4) Who would be the team’s “Goat-to-be?” The media is already preparing to make Martin Brodeur the goat regardless of what actually happens in the series. They made him the goat for the last season’s first round loss to the Rangers. While he didn’t play well, it seemed everyone ignored that the entire team skated in a fog and a half-step behind the Rangers seemingly all series long. It wasn’t Brodeur’s fault they lost it. And it’ll happen again even if Brodeur maintains a 1.00 GAA or something ridiculous. But who listens to Devils fans like me when there’s a narrative to continue?
Anyway, as far as a player being a potential goat, a lot of eyes are looking at Bobby Holik and hoping and praying that he will not take costly, stupid penalties. Holik is a veteran center who’s been here before, he’s strong on faceoffs, and he’s not bad defensively – so he can spell John Madden for a few shifts. That said, he has developed a tendency for rushing the goaltender, hooking hands, and generally committing an infraction at the worst times. He’s seen the bench in the last two games in favor of goon Pierre-Luc Latourneau-Leblond, presumably to learn a lesson. Leblond won’t see any playoff time (I hope!), so it’ll be up to Holik to smarten up. If he hands out power plays to Carolina, he’s effectively hurting the Devils because the ‘Canes have lit up the Devils this season on power plays.
Similar to this, I’d like to name a group of players as potential goats – namely the Devils’ special teams units. The Devils have been great on even strength (1.25 5 on 5 F/A ratio – 2nd best in NHL), but the fans collectively hold their breath sometimes when they are killing a penalty or when they have a man advantage. The Devils have not been strong at killing penalties all season (79.9% success rate – 20th in the NHL); tending to do a good job for most of it, but the defense breaks down just enough for the other team to get a great shot off that Brodeur has a low chance (0% is low) of stopping. Likewise, the Devils traditionally haven’t been good on the power play and it’s surprising to even me that they have a power play success rate of 18.9% (and it’s slightly higher than Carolina’s 18.7%!) It’s still wasted opportunities more often than not, namely due to a lack of finishing the set-up plays.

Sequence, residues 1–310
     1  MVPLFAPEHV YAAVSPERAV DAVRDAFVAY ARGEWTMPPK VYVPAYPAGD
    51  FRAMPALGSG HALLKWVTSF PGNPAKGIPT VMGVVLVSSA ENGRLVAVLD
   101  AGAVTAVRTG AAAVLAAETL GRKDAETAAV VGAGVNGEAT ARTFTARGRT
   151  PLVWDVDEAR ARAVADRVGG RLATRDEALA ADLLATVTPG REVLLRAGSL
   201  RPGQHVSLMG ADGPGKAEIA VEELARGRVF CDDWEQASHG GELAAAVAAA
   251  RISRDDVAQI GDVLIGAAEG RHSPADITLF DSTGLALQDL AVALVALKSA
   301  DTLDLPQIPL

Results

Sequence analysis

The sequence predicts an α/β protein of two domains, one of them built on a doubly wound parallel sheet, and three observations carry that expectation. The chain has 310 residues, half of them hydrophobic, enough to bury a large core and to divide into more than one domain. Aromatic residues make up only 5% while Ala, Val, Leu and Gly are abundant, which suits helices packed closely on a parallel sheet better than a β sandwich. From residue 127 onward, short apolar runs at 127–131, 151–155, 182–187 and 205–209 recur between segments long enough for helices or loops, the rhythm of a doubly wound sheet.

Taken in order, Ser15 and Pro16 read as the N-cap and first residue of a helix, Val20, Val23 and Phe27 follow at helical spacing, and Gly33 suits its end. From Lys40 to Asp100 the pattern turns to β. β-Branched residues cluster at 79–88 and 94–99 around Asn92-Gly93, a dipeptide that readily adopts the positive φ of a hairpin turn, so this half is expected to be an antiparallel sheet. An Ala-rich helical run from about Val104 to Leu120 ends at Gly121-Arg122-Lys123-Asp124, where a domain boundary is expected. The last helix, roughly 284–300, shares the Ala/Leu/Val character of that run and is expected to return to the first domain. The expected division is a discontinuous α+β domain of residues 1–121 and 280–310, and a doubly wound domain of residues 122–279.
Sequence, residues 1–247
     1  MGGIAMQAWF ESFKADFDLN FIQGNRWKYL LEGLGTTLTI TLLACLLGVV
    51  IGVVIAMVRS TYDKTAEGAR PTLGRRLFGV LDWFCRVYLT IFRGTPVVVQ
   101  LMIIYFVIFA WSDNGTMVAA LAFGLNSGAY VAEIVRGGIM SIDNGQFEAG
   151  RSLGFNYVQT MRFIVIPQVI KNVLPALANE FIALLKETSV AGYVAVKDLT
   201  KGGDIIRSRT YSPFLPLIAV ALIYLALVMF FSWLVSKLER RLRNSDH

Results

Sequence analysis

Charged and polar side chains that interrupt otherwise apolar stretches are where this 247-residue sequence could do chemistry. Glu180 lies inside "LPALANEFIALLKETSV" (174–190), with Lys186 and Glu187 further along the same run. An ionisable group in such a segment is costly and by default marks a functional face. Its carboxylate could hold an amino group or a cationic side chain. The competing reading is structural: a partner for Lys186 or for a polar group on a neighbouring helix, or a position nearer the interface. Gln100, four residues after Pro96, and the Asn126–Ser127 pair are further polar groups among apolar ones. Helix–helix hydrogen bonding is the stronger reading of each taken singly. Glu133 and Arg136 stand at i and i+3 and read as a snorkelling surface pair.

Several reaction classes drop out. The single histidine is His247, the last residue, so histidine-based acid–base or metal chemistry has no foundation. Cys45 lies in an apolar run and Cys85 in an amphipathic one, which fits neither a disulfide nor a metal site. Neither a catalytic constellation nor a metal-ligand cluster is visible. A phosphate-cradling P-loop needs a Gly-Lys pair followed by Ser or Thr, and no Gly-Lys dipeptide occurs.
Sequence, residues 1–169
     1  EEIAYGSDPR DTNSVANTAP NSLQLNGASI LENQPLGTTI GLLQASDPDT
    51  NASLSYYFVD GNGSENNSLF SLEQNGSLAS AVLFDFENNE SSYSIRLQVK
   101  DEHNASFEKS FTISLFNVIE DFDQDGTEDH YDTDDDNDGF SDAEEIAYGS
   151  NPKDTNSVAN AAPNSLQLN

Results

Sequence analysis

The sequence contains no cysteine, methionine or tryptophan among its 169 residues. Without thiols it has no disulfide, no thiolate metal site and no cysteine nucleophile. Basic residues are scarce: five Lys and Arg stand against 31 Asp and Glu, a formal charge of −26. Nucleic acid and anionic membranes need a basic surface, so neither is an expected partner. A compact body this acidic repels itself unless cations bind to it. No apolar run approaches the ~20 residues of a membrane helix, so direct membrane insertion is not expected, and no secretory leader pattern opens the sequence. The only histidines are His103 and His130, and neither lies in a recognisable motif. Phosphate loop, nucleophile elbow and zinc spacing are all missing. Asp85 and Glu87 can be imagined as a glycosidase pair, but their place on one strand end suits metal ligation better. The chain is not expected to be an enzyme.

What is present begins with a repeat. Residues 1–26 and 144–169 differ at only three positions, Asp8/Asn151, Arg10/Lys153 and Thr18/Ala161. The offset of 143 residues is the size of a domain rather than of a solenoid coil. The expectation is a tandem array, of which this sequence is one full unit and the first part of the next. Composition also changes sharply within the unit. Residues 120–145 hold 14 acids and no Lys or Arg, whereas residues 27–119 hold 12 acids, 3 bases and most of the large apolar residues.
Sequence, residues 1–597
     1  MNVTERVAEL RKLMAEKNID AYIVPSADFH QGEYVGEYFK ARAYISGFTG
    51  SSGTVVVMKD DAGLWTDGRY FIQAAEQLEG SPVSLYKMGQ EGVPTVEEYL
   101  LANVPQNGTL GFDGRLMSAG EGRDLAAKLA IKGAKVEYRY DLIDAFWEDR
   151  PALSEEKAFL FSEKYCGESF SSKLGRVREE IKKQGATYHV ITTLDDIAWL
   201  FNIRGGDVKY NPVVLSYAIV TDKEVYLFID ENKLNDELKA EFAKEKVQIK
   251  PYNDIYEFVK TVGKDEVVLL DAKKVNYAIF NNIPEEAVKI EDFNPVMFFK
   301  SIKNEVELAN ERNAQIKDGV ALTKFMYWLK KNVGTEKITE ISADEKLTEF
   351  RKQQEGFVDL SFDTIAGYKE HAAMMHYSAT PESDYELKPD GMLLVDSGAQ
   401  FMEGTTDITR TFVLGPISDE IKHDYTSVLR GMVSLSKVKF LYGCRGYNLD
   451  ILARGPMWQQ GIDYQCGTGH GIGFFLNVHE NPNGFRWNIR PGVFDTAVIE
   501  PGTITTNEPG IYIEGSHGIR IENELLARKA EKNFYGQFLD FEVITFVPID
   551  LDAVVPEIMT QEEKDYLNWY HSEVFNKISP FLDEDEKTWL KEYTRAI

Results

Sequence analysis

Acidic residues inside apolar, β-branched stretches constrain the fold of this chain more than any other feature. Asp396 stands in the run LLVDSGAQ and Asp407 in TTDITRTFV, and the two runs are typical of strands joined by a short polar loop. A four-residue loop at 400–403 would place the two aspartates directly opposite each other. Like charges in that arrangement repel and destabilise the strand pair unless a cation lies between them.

5) What would be the top storyline? For the media, the top story line will be whether Martin Brodeur can get his playoff groove back. For this series, it will be whether the Devils can beat the Hurricanes in the playoffs. The Devils are 1-3 against Carolina this season and they are 1-2 in playoff series against them as well – their only win coming in 2001. Adding to this further, the Devils haven’t won a playoff game in Carolina since 2001. The Devils have a lot to prove here and if they are able Carolina has went all the way to the Stanley Cup Finals in the two years they beat New Jersey, so the Hurricanes faithful will be looking forward to see their favorite team take it to the Devils. It could be that the road to the Cup runs through New Jersey. However, they stumbled (literally) in their last two games of the season after an impressive 9 game winning streak. The issue for the ‘Canes will be whether it was just a bump in the road or the start of a perhaps long-overdue slump. In my opinion, how both teams enter this series and the past playoff history between the two teams are the most compelling issues with respect to the series, more than any matchup or bitterness between the two teams.